A couple of days ago I posted a picture of one of my guitars that had a caption mentioning Eric Clapton’s “woman tone”. I don’t think I mentioned anything about why I was thinking of that.
First, Eric Clapton in the 1960’s is a tone chasing guitarist’s role model. Give him a Gibson guitar and a Marshal amplifier and he will make sounds that, if you are smart, you’re going to want to copy. He was innovative and experimental and inspiring. Eric Clapton in the 1970’s and 80’s is the exact opposite. I don’t know of anyone who has ever listened to Money and Cigarettes and said, ooh I wanna sound like that!
Anyway, when Eric was in his 20’s he was probably a little full of himself (people called him god) and sometimes he would do things that were a little over the top. One of those things, in my book at least, was naming one of his guitar tones. Yup. In 1967 while playing with Cream he used a tonal technique on the Disraeli Gears album that he called “woman tone”. Why? I don’t know. It was probably something that in today’s social climate would probably sound unbelievably sexist. I don’t know why and I don’t want to know why.
Probably the best known usage is in the guitar solo from Sunshine of Your Love, which also bears a remarkable resemblance to the melody from Strangers in the Night, but I digress:
Anyway, achieving “woman tone” is pretty simple and even a chump like me can do it. I don’t often, but every so often the spirit of Disraeli Gears will take me and I’ll use it. A few nights ago I was sitting in my room adding lead guitar parts to a couple of RPM songs and without realizing I was going there, I totally went there. One eight bar (or so) solo used the ol’ “woman tone”.
Today there was a “wow, what a small world” moment for me. That Pedal Show, the youtube show that I watch pretty religiously every week and has taught me more about making my guitar sound less shitty than any other source I’ve come across in my 34 years of playing, put out a new episode called “12 Ways to User Your Guitar’s Controls”. One of those 12 ways to uses your guitars controls was “woman tone”.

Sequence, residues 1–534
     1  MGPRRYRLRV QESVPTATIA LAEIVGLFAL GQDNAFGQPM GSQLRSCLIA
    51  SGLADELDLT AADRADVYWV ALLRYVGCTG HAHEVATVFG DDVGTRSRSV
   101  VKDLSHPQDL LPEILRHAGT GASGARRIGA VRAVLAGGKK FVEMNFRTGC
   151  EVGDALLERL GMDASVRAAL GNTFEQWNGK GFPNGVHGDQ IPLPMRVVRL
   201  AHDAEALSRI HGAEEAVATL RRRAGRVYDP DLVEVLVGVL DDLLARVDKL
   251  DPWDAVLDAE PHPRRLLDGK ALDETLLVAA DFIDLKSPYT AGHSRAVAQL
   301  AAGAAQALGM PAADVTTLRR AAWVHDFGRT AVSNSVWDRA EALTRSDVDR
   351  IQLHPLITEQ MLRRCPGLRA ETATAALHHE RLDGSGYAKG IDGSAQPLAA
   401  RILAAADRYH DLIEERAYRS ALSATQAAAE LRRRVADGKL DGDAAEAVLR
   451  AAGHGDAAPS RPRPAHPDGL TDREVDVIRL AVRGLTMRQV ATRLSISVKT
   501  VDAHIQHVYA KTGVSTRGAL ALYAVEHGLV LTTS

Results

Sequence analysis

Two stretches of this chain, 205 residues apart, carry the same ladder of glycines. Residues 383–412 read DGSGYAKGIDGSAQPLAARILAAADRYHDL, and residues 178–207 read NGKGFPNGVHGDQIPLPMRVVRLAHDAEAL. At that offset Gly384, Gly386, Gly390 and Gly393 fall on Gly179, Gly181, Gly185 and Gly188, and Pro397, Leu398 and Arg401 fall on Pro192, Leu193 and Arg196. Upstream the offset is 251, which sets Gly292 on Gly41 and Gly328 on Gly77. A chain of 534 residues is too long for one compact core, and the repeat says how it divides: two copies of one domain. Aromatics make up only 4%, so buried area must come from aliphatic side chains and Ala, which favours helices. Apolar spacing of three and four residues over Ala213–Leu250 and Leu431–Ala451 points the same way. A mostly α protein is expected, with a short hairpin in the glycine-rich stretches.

I am using a lot of quotation marks in this post, and I am using the incorrect punctuation for all of them. Suck it, grammar!
The “woman tone” discussion starts at 13:30 and it sounds better when Mick does it on his ES-335 than when I do it on my Les Paul.
As for the rest of the episode, I had already come up with most of the two-humbucker tricks on my own back in the 80’s. The single coil stuff doesn’t really apply to me as I only own one guitar with single coils and if it weren’t for COVID-19 I would have sold it by now. I use the trick with using the pickup switch and the two volume knobs to go from clean to dirty all the time, and the mixing the two pickups together thing once in a while. The kill switch? I drive Lizardfish nuts with that whenever the opportunity arrises.
Anyway, I just thought it was funny that I recorded a little “woman tone” this week and then saw a tutorial on using it. It’s a small world after all.
In closing, Clapton used it on the leads on this song too. It’s not nearly as popular a song, but it’s a personal favorite.